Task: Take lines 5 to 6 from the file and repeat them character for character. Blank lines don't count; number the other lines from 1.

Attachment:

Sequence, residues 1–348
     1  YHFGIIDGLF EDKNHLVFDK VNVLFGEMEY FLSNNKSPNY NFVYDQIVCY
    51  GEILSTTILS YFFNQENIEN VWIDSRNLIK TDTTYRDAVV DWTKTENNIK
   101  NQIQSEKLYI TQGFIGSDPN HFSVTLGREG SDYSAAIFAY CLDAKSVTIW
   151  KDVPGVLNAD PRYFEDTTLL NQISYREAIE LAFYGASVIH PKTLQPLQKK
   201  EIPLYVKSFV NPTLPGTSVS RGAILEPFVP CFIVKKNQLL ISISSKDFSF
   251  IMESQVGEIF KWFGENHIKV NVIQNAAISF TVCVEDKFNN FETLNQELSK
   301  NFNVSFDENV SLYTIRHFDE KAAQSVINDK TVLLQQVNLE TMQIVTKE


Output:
   151  KDVPGVLNAD PRYFEDTTLL NQISYREAIE LAFYGASVIH PKTLQPLQKK
   201  EIPLYVKSFV NPTLPGTSVS RGAILEPFVP CFIVKKNQLL ISISSKDFSF